Recently, a letter to the editor of my local newspaper used data from a U.N. Food and Agriculture Organization report to argue that eating meat and dairy products contributes significantly to global warming.
This claim is based on the estimate that animal agriculture accounts for 18 percent of the world’s total greenhouse gas emissions which supposedly are the root causes to global warming.
The author suggests that each one of us could do our part to reduce global warming by going vegan and enjoying soy-based hot dogs and veggie burgers.
We live in a free country: You can certainly choose whether you want to eat real steaks, hamburgers, cheese and ice cream, or whether you prefer to eat synthetic ones made from plants, but stopping your consumption of bovine-based food will do very little to global warming.
If we accept the FAO assumptions and calculations, something that requires a significant level of scientific tolerance, then the conclusion that animal agriculture contributes 18 percent of the world’s total greenhouse gas emission is rational.
Immediately, some people like to point out that this number is greater than the total emissions due to transportation, forgetting that in many parts of the world livestock is a source of renewable energy for draft and transportation.
Thus, attributing all livestock gas emissions to food production from livestock greatly mischaracterizes the situation.
More importantly, the FAO report is not as much critical to livestock production as it is critical to low animal productivity.
The report states that “the environmental cost per unit of livestock production must be cut by one half” and recommends increasing the efficiency of livestock production.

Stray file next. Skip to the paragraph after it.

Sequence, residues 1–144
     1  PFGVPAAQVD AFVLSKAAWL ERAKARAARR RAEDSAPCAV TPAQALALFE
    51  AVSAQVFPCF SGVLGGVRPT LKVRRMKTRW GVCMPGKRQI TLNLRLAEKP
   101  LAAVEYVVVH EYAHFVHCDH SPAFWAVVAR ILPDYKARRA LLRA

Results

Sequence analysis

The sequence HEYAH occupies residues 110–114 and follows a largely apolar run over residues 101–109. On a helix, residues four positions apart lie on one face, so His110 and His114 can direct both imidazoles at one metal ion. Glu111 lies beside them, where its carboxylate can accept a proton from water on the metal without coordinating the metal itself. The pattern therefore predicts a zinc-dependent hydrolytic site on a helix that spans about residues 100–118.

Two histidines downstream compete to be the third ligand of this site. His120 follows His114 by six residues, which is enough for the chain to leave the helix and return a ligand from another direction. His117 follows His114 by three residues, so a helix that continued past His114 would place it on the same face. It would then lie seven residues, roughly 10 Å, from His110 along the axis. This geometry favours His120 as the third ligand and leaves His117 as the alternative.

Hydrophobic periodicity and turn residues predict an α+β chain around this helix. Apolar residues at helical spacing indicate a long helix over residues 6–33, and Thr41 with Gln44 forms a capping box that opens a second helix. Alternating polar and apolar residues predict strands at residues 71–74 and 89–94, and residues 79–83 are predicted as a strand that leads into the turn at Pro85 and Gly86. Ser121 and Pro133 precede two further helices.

This recommendation does not imply reduction of livestock production or consumption of livestock-derived food; it is a call to improved animal productivity.
The state of greenhouse gas emission is vastly different in the U.S.
A recent study by the U.S. Environmental Protection Agency shows that only 6 percent of U.S. greenhouse gas emission comes from agriculture — all agriculture, not just animal agriculture — of which only 11 percent are from dairy cattle and 22 from other cattle.
Thus dairy cows contribute only 0.66 percent of total U.S. greenhouse gas emission, while all other cattle contribute 1.32 percent of the total.
Clearly, the situation in the U.S. is entirely different than that of the rest of the world.
A main reason for the difference is the high efficiency of the U.S. food production system.
For example, in 1950, U.S. farmers had to feed 22 million dairy cows to produce 116 billion pounds of milk.
In 2008, U.S. dairy farms will be producing over 190 billion pounds of milk with less than 9.2 million cows.
During this period, the carbon footprint per gallon of milk has been reduced by roughly 67 percent through improved efficiency.
What the FAO report is actually indicating is that much of the rest of the world needs to follow the U.S. path to high efficiency animal production systems.
A recent study at Cornell University showed that eliminating meat and dairy products from one’s diet does not reduce an individual’s carbon footprint because of the need to eat more vegetable-based protein to fulfill dietary requirements.
Modern, science-based, high-efficiency agriculture is our only hope to feed the 6.6 billion people inhabiting planet earth while preserving the environment and setting aside sufficient land for non-agricultural use.
A healthy, balanced diet is still based on the moderate consumption of a great many food groups, including grains, fruits and vegetables, but also meat and dairy products.